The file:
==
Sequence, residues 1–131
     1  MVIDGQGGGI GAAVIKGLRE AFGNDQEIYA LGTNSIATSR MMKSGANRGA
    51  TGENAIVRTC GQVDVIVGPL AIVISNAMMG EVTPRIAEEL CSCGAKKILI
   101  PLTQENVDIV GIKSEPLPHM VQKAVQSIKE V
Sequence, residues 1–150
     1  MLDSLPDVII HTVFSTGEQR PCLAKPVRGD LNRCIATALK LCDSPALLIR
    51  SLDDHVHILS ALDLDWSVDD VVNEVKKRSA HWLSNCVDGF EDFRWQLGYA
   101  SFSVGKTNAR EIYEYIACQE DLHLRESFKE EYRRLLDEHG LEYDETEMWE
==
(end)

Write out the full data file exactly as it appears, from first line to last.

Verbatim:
Sequence, residues 1–131
     1  MVIDGQGGGI GAAVIKGLRE AFGNDQEIYA LGTNSIATSR MMKSGANRGA
    51  TGENAIVRTC GQVDVIVGPL AIVISNAMMG EVTPRIAEEL CSCGAKKILI
   101  PLTQENVDIV GIKSEPLPHM VQKAVQSIKE V
Sequence, residues 1–150
     1  MLDSLPDVII HTVFSTGEQR PCLAKPVRGD LNRCIATALK LCDSPALLIR
    51  SLDDHVHILS ALDLDWSVDD VVNEVKKRSA HWLSNCVDGF EDFRWQLGYA
   101  SFSVGKTNAR EIYEYIACQE DLHLRESFKE EYRRLLDEHG LEYDETEMWE